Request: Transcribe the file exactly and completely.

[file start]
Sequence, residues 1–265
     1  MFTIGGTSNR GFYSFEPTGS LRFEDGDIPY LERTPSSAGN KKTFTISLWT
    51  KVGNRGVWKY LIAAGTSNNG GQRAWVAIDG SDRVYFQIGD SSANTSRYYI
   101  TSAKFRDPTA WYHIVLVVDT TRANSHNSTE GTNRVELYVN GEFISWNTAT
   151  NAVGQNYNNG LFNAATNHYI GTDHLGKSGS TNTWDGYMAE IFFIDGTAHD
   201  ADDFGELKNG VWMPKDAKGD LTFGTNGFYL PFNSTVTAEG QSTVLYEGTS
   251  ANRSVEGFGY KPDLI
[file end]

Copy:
Sequence, residues 1–265
     1  MFTIGGTSNR GFYSFEPTGS LRFEDGDIPY LERTPSSAGN KKTFTISLWT
    51  KVGNRGVWKY LIAAGTSNNG GQRAWVAIDG SDRVYFQIGD SSANTSRYYI
   101  TSAKFRDPTA WYHIVLVVDT TRANSHNSTE GTNRVELYVN GEFISWNTAT
   151  NAVGQNYNNG LFNAATNHYI GTDHLGKSGS TNTWDGYMAE IFFIDGTAHD
   201  ADDFGELKNG VWMPKDAKGD LTFGTNGFYL PFNSTVTAEG QSTVLYEGTS
   251  ANRSVEGFGY KPDLI